General Medical Practice: Complaint Handling Issues

By John Tingle

There is a new report from Health Service Ombudsman (HSO) on GP (General Medical Practitioner) complaint handling and major failings are revealed. The HSO makes the final decisions on complaints that have not been resolved in England and lies at the apex of the NHS complaints system. The report reveals that some GP practices are failing to handle patient complaints properly. The report is based on evidence from HSO casework files and intelligence gathered by the Care Quality Commission (CQC) , NHS England and Healthwatch England. One hundred and thirty-seven closed complaint cases from November 2014 – November 2015 were analysed. General medical practice forms 90% of all NHS interactions with the general public.The quality of complaint handling by GPs was found to be highly variable:

“…over half of the cases were either good (46%) or outstanding (9%). However, over a third required improvement (36%) and a tenth were inadequate (10%) (p7).”

The report states that there are five areas where general practice has the most scope for improvement:

  • Listening culture: ask for feedback
  • Regulations: make sure practice staff understand what is expected of them
  • Values: be professional
  • Attitude: apologise where appropriate and be open and honest when things go wrong
  • Learning: listen, respond and share

Interestingly GP practices generally do not receive many complaints, annually the average is 8.5. It is unclear why there are not more complaints about general practice. In 2014-15 the report states there were 67,012 complaints about general practice.One key area identified for improvement in the report was GP attitudes to patients and the need to apologise where appropriate and be open and honest when things go wrong

Saying sorry does appear to be one of the hardest things for some GP practices to do according to the report:

“…our review found a third of cases did not provide an apology where it would have been appropriate, and when apologies were given, they were not always sincere. ‘Sorry but’ and ‘sorry if’ were often used.” (p38).

Fear of litigation and increased indemnity fees were reasons that GP’s gave for not apologizing.


Crafting a letter of response to a patient who has complained is an art. If the letter is badly worded, dismissive, defensive in style and lacking empathy that will work to make matters worse. In over a third of the cases the response and the outcome of the complaint or concern was not shared in an empathetic manner:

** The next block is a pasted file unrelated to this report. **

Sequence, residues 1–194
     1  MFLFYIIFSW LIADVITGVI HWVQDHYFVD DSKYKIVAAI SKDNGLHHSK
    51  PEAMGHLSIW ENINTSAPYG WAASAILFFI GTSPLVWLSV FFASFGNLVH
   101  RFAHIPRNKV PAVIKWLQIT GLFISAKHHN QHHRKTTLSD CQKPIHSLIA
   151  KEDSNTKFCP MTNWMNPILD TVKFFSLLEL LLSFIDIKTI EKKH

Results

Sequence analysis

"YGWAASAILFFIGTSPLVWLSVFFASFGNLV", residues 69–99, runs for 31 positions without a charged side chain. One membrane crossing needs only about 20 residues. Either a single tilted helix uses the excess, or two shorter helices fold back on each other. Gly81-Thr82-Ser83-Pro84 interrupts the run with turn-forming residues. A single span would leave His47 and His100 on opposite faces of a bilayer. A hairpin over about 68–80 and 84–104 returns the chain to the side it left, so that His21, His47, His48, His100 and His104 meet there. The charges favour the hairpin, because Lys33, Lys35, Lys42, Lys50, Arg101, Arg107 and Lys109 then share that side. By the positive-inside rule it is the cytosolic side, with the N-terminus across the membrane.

“Some letters were defensive and dismissive at best and curt at worse” (p.39)”.

Reports recommendations

The report makes a number of recommendations and these include creating programmes of education and training to help practice staff understand how to deal with feedback, concerns and complaints more effectively. More attention should be paid to sharing what has been learnt and strategies for doing this are outlined. Clarification on the complaints regulations, and apologies should be provided to practice staff by the Department of Health, NHS England.

John Tingle

John Tingle is a regular contributor to the Bill of Health blog. I am a Lecturer in Law, Birmingham Law School, University of Birmingham, UK; and a Visiting Professor of Law, Loyola University Chicago, School of Law. I was a Visiting Scholar at Harvard Law School in November 2018 and formerly Associate Professor at Nottingham Law School, Nottingham Trent University in the UK. I have a fortnightly magazine column in the British Journal of Nursing where I focus on patient safety and the legal aspects of nursing and medicine. I have published over 500 articles and a number of leading texts in patient safety and nursing law. My current research interests are in global patient safety, policy and practice, particularly in African health care systems. My most recent publication is: "Global Patient-Safety Law Policy and Practice," edited by John Tingle, Clayton O'Neill, and Morgan Shimwell, Routledge 2018.

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